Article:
How to Prevent Chickenpox

Two Parts:Preventing ChickenpoxPreventing the Spread of Chickenpox

Chickenpox is a highly contagious disease caused by the varicella zoster virus.[1] The symptoms include fever and an itchy, blister-like rash. In rare cases, more severe complications can occur, including bacterial infection of the skin, pneumonia and swelling of the brain. Preventing chickenpox by keeping healthy and limiting your exposure to the virus are good practical ideas, although vaccinations are commonly recommended in many countries, particularly the United States and Canada.

Part 1
Preventing Chickenpox

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    Get vaccinated for chickenpox. The vast majority of medical authorities believe that getting the chickenpox vaccine is the best way to prevent chickenpox. Vaccination introduces weakened viral particles to your immune system so that it can mount a strong response when it comes in contact with stronger, more virulent particles. According to the Centers for Disease Control and Prevention, before the introduction of the varicella vaccine in 1995, about 4 million Americans were infected with chickenpox each year — currently, that's dropped to about 400,000 yearly.[2] The varicella vaccine is usually given to toddlers between the ages of 12-15 months, and then again between 4-6 years.[3] For previously non-immunized teenagers or adults, the vaccine is given as a series of 2 injections, separated by 1-2 months between shots.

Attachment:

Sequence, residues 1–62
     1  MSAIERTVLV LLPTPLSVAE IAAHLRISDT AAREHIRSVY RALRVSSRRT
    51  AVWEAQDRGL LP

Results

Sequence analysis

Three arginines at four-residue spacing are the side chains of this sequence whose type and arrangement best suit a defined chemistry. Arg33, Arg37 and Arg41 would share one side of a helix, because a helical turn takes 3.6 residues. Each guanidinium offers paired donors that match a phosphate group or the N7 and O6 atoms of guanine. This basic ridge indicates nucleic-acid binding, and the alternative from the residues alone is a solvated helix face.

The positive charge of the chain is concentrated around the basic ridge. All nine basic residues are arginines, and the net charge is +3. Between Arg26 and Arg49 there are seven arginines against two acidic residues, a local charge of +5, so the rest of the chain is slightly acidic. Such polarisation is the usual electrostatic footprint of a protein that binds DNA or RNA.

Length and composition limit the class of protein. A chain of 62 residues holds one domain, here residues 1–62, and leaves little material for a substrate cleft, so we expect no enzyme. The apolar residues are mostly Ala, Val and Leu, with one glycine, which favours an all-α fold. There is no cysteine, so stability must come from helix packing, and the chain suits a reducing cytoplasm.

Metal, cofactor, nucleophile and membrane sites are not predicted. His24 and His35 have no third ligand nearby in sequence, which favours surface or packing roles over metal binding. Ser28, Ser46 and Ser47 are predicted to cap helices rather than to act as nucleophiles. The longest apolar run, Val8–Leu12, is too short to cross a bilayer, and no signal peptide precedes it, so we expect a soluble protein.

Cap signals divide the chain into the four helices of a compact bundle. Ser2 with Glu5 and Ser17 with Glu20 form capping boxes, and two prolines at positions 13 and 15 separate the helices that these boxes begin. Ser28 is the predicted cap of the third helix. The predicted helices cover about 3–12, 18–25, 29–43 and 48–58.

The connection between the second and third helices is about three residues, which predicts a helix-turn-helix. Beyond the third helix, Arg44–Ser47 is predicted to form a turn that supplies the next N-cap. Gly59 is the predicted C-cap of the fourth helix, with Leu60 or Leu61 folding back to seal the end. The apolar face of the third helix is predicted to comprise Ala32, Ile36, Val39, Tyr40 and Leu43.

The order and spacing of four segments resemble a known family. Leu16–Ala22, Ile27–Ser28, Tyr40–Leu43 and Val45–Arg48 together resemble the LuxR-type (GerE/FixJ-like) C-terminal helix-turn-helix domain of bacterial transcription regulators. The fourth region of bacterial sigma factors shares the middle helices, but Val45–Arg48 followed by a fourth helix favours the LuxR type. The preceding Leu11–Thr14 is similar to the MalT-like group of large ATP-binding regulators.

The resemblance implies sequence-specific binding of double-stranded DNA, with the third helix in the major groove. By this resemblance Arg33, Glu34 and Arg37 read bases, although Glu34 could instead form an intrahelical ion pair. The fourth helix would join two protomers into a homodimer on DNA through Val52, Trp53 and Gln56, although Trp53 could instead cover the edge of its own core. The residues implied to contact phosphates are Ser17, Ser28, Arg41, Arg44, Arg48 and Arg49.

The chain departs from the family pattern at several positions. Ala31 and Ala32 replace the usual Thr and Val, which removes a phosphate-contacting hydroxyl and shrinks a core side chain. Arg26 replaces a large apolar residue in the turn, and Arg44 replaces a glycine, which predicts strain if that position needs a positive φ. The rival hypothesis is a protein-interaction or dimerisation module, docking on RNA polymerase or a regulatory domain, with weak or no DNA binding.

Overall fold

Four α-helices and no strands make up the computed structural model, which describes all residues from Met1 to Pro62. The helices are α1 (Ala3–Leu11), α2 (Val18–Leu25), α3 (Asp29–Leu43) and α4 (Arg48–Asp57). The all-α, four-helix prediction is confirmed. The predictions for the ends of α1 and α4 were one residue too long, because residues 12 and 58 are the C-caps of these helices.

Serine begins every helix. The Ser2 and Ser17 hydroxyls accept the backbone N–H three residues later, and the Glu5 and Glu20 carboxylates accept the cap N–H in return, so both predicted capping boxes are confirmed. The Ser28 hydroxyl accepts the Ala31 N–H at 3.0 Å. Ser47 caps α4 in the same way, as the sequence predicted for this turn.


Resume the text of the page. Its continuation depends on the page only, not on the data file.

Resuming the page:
• If you are unsure whether or not you're already immune to chickenpox, your doctor can administer a simple blood test to check for immunity to varicella.